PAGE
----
Gravity helps at the tiny airport

Lukla airport in Nepal is one of the strangest in the world. Built to support tourism to the Himalayas, the airport has a single landing runway. What is more, the runway is only 20 m wide, 450 m long, and a 2,800 m cliff at the runway's end, leaving little room for error. In fact, the airport can only be used by so-called Short Takeoff and Landing planes (STOL). Helping somewhat is a 12% incline in the runway from start to finish, so that planes rise through over the course of their deceleration.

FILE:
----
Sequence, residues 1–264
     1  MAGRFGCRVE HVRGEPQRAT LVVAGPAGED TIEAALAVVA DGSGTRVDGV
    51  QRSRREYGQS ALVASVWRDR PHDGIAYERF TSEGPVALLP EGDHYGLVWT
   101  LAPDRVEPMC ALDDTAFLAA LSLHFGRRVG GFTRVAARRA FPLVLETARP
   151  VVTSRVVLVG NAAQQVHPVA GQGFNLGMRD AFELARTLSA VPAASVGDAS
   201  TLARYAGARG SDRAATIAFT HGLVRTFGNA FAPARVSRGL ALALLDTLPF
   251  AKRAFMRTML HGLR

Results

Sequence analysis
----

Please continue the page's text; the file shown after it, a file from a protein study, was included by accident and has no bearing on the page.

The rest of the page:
Suppose a STOL plane's landing speed is 45 m/s (\approx 100 mph). Neglecting any other effects like wind flaps, or drag, how small will the plane's velocity (in m/s) be at the top of the runway?


  • The runway itself is 450 m long, i.e. if you walked from the bottom to the top, you'd walk 450 m along the runway.
  • An ff% incline means that if you walk a distance dd along an incline, your rise is given by fd/100fd/100.

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